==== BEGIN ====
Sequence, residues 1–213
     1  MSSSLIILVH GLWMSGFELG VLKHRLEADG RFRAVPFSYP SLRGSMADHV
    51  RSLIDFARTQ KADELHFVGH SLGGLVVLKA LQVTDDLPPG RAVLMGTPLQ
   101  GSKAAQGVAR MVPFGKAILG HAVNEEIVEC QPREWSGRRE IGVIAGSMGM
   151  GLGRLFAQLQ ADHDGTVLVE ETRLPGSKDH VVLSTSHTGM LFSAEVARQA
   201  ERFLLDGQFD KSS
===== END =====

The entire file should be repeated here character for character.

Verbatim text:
Sequence, residues 1–213
     1  MSSSLIILVH GLWMSGFELG VLKHRLEADG RFRAVPFSYP SLRGSMADHV
    51  RSLIDFARTQ KADELHFVGH SLGGLVVLKA LQVTDDLPPG RAVLMGTPLQ
   101  GSKAAQGVAR MVPFGKAILG HAVNEEIVEC QPREWSGRRE IGVIAGSMGM
   151  GLGRLFAQLQ ADHDGTVLVE ETRLPGSKDH VVLSTSHTGM LFSAEVARQA
   201  ERFLLDGQFD KSS